Good news: Because women tend to develop heart disease later in life than men do, preventive measures have more time to work their magic, says cardiologist Nieca Goldberg, M.D. These include exercising regularly, eating a diet that's rich in whole foods, maintaining a healthy weight, and not smoking. To help meet these important goals, start with a few simple moves.
7 a.m. Sprinkle slivered almonds on your cereal. Research shows that these nuts can lower the risk of heart disease by reducing levels of harmful LDL cholesterol. In addition, antioxidants and vitamin E found in almond skins might prevent plaque from forming on artery walls. Bonus points if your cereal is made with whole grains, which help keep blood pressure in check.
8 a.m. Time your toothbrushing session. Recent studies show a strong association between gum disease and heart disease, possibly because unhealthy gums cause systemic inflammation. So don't rush your morning brush. The American Dental Association says you need at least two minutes to clean teeth and gums thoroughly. Use your wristwatch to time yourself or pick a brush with a built-in timer light.
9 a.m. Distance yourself from your destination. People who take at least 5,000 steps during the day (about 30 minutes of walking total) are 40 percent less likely than sedentary people to develop metabolic syndrome, a precursor to heart disease. So wherever you're headed, try parking down the block or in a far corner of the lot, suggests Nanette Wenger, M.D., a cardiologist at the Emory University School of Medicine. A few mini-walks can help you hit the target.
10 a.m. Stand up and stretch. Midmorning is one of most productive times of day, when concentration and focus are at their peak. But don't get too attached to your chair: Prolonged periods of sitting are associated with higher levels of cholesterol -- and an increased risk of heart-related death. Aim to unseat yourself for a few minutes every hour.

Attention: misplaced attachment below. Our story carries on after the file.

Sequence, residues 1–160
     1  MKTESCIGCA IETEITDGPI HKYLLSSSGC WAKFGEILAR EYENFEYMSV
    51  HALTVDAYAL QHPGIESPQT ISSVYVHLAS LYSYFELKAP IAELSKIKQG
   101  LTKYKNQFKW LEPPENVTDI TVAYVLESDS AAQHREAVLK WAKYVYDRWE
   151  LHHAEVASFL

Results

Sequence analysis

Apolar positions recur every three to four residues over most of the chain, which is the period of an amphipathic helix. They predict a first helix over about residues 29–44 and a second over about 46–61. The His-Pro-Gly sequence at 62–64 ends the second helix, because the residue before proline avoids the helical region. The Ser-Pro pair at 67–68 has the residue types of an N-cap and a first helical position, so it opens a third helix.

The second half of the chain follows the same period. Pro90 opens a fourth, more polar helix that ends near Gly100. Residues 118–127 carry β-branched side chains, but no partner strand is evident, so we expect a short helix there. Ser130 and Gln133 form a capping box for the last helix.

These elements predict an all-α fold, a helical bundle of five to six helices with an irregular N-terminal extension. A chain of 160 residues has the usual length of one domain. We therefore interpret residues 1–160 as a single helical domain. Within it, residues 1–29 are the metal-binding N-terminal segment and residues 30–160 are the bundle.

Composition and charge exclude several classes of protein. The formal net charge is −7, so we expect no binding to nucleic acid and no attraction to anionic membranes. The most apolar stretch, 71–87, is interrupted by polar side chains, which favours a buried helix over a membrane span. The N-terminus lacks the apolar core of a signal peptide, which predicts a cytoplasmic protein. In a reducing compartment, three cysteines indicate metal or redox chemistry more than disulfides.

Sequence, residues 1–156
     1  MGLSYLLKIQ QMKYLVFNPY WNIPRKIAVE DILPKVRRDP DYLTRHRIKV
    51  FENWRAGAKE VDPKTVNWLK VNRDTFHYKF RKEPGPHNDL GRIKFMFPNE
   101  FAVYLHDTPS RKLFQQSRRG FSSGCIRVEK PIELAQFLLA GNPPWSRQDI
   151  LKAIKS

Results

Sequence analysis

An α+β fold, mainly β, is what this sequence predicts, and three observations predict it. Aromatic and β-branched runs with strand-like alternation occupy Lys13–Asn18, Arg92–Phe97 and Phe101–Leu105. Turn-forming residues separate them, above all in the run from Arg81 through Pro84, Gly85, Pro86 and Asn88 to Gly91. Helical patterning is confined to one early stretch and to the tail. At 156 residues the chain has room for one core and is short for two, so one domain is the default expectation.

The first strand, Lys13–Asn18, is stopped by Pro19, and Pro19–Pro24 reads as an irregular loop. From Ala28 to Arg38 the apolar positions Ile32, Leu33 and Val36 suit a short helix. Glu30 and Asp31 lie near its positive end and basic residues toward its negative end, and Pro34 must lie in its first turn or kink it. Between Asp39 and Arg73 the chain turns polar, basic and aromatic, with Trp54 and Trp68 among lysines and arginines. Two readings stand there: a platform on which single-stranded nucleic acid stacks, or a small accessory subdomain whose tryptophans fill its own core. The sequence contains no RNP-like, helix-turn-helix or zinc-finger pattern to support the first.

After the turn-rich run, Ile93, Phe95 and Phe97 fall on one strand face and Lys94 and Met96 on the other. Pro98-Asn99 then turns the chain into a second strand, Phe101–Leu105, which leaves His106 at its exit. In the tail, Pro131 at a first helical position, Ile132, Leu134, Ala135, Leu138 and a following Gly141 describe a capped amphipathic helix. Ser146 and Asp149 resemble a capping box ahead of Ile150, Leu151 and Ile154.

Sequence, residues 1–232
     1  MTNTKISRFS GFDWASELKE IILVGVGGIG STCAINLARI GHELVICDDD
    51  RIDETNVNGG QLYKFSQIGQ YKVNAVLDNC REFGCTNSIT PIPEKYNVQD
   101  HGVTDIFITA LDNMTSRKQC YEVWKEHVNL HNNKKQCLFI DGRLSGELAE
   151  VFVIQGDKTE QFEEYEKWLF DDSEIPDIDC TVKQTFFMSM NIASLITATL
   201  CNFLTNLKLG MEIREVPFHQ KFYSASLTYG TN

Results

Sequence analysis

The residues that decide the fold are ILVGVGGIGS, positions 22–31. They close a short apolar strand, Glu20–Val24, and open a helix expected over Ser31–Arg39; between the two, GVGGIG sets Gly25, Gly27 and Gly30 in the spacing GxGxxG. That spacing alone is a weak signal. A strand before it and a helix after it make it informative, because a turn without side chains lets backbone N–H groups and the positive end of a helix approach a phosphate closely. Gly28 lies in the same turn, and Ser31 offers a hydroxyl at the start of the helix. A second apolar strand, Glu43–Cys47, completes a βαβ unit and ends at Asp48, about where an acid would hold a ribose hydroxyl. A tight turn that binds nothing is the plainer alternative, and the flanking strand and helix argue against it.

12:30 p.m. Keep the junk out of lunch. You already know to eat something made with fresh, whole ingredients -- such as a crunchy green salad topped with grilled chicken and low-fat dressing. Just watch out for the "halo effect." This is the sneaky tendency to overindulge in junk food like chips and soda after eating a virtuous entree. Remember: Heart health doesn't end at the main dish.
2:30 p.m. Nibble a high-fiber, high-protein snack. Great choices include hummus with whole wheat crackers and apple slices with a smear of natural peanut butter. In addition to delivering heart-healthy nutrients, snacks with this nutritional profile sate your appetite better than processed foods like cookies, Dr. Goldberg explains. This makes you less likely to overeat at dinner.
4 p.m. Take a sanity break. Stress often strikes in late afternoon as productive daylight hours dwindle. Don't get frazzled. Take a 10-minute breather and do something relaxing, such as listening to music or e-mailing a friend. "Decompressing in stressful situations brings down your blood pressure and helps you feel more in control," says cardiologist Jennifer Mieres, M.D.
6 p.m. Drink (in moderation). The American Heart Association recommends that women consume no more than one alcoholic drink per day. At dinner or happy hour, get more bang from your beverage by choosing red wine. It contains antioxidants and compounds such as resveratrol that are associated with lower heart disease mortality.
9 p.m. Power down your gadgets. Surfing the Web, texting on your cell, and watching TV can interfere with sleep by stimulating the brain, so stop screen-based activities about an hour before bedtime. Your heart will thank you, says Dr. Mieres: "Women who get at least 6 hours of sleep every night have less plaque buildup in their blood vessels than women who sleep less."
10 p.m. Hug your family goodnight. A loving touch--whether it's from a massage, a snuggle session, or a good bear hug--spurs the release of oxytocin, a chemical that can bring down blood pressure by enhancing the flexibility of blood vessels, says Dr. Goldberg. How's that for sweet dreams?